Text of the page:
October 12' 2009 - #108
Urban Planning Map, Requests To Change Classifications, and Petitions
A large crowd attended the territorial council meeting on July 16, 2009 as island residents have a vested interest in the items on the agenda that day; especially the debate about a new urban planning map for Saint Barth—the document that defines zones where construction can take place, and outlines how the code of urbanism voted on by the elected officials of the COM is actually applied.
In his introduction to this sensitive dossier concerning future land use, Bruno Magras asserted, “We have an obligation to transmit to future generations an island that is a great place to life…. But we must allow young people to build while conserving the environment, and allow development for tourism in the best way possible.” Adding that the island needs additional hotel rooms, the president explains that there are requests for building permits for hotels in Saline and Toiny. At the end of the debate, the council voted to allow the public to consult the suggested map from July 20 through September 15.
During the weeks when the map was open to public viewing, more than 400 observations were recorded, most of which were requests for building permits in zones that were considered “green” or where construction is not permitted. Among these requests, three evoked strong reactions from the members of three local environmental groups interested in protecting the island: Saint Barth Environnement, Saint-Barth Essentiel, and the association for the protection of birds. The leaders of these non-profit groups started a petition entitled “Save The Last Natural Zones in St Barthélemy,” and made a concerted effort to inform the population about the extremely strong pressure behind requests to declassify land in three different areas, from their current status as green zone to building zones.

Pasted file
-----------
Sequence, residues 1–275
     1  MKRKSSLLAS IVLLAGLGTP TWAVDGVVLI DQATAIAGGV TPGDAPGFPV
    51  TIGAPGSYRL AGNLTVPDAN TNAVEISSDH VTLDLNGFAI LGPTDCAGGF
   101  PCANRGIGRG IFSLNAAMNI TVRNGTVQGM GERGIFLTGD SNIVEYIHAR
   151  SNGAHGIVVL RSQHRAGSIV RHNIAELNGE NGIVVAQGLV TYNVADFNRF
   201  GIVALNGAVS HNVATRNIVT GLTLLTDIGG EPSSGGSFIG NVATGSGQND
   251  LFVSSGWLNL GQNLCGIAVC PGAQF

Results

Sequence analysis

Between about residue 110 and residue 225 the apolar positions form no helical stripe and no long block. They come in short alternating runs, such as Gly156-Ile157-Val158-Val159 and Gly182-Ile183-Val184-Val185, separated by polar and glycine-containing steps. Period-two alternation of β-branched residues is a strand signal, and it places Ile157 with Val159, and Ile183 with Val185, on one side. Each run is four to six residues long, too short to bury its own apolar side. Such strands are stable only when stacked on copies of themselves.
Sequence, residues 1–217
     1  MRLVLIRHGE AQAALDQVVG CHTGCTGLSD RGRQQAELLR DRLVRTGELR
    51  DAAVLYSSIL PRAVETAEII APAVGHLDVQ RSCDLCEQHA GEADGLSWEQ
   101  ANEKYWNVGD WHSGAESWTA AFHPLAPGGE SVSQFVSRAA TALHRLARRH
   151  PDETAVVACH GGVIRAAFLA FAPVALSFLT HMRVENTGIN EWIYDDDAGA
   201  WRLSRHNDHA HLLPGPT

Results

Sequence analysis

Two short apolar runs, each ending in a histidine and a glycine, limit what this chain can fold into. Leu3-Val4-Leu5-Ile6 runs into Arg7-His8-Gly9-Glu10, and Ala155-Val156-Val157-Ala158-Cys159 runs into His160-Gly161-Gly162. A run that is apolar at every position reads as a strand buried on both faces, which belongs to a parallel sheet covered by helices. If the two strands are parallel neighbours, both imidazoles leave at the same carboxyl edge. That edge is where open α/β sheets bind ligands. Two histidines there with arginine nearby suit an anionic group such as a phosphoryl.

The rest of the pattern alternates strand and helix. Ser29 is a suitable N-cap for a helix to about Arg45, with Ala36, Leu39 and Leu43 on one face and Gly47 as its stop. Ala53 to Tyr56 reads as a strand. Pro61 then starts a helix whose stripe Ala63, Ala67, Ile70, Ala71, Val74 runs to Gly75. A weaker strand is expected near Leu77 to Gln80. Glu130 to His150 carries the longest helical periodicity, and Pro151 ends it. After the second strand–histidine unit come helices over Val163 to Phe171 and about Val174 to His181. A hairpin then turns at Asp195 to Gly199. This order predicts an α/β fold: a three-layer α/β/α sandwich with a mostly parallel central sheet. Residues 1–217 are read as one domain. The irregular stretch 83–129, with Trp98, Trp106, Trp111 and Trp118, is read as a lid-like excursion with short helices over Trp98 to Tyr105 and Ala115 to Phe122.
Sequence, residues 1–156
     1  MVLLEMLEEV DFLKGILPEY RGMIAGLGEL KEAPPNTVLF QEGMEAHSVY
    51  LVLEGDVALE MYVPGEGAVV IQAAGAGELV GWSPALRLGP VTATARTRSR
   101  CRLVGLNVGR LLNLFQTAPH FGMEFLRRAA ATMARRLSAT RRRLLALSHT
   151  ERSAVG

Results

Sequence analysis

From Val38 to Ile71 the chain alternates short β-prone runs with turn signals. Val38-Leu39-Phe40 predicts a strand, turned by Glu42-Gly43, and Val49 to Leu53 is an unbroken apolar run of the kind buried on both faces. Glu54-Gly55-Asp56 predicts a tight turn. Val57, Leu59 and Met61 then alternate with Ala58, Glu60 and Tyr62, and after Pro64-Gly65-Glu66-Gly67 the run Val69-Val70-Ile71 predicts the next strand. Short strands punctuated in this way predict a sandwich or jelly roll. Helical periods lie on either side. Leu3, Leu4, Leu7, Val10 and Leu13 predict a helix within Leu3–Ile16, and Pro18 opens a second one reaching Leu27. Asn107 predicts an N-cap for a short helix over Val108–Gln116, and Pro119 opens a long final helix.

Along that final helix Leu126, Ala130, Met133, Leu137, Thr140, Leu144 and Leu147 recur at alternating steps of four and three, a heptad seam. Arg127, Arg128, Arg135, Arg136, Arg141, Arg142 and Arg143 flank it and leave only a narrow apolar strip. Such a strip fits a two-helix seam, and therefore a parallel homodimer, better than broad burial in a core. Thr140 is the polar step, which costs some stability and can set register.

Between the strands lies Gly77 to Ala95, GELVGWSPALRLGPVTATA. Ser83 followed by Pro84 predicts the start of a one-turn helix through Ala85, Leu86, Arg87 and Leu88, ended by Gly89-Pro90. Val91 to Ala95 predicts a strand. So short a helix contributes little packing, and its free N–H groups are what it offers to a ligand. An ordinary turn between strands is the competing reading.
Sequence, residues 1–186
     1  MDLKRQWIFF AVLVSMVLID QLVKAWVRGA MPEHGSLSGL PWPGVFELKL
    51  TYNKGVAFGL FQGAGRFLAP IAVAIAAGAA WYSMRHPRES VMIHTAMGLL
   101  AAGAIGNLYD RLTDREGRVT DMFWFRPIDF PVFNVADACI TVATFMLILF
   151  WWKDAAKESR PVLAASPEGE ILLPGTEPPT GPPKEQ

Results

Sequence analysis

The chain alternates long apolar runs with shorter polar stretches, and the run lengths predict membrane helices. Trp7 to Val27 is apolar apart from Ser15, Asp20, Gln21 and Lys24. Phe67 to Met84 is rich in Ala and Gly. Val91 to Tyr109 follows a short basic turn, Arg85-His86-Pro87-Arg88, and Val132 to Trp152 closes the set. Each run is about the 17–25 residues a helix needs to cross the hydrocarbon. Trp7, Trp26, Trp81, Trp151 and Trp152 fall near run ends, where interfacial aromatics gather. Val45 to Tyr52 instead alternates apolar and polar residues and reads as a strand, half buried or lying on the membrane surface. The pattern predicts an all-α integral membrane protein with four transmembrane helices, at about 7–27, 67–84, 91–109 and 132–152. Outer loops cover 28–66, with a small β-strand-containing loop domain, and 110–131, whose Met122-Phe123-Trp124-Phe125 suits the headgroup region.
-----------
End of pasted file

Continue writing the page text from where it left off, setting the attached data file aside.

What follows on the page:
In Toiny, a Saint Barth native wants to build a small hotel along the beach. In Grand Cul-de-Sac, the Cardinal investment group has asked to build four villas as part of a deal in which they would cede the salt pond in Petit Cul-de-Sac to the Collectivity. On November 27, 2008, the executive council gave its favorable nod to this project, giving the president the green light to pursue negotiations, without an examination of the dossier by the entire territorial council.
Finally, in Saline, New York real estate developer André Balazs, who owns eight luxury hotels in New York, Los Angeles, and Miami, already own 50% of 80 acres of undeveloped land right behind the dunes where he would like to develop a six-star "eco-resort" with 40 bungalows on stilts. His claims are that this project would revitalize and protect the site by meeting the strictest environmental regulations. The plans call for the hotel complex to make the least impact on the landscape as possible, with renewable energy creating more than 50% of its electricity, composting its organic refuse, and purification of recuperated water. The project also calls for a 60-acre nature reserve open to the public and managed by an independent organization. Balazs came to Saint Barth to personally defend his project at a meeting with the members of the island’s environmental groups and politicians. He assured them that the project would not impact the beach in Saline, which would retain its current unspoiled nature, with no chaise lounges and no buildings.
A group of Saline residents also organized a petition of their own entitled “Help: Saline In Danger,” in order to get even more signatures and outline their objections to a project they judge interesting but not appropriate for their neighborhood.
American singer Jimmy Buffett, a regular visitor to Saint Barth for many years, endorsed the petition started by the three environmental associations. This petition was eventually signed by more than 1000 voters in Saint Barth, a number large enough to call for a public referendum as spelled out by law n°2007-223 dated February 21, 2007, which states that 10% of the voters can require the territorial council to hold a referendum about an issue voted on by the council. The leaders of the environmental associations presented their petition on October 6, requesting that the referendum be discussed at the next territorial council meeting two days later.
Those who came to hear the debate on October 8 were disappointed: the president did not bring up the subject.
More to come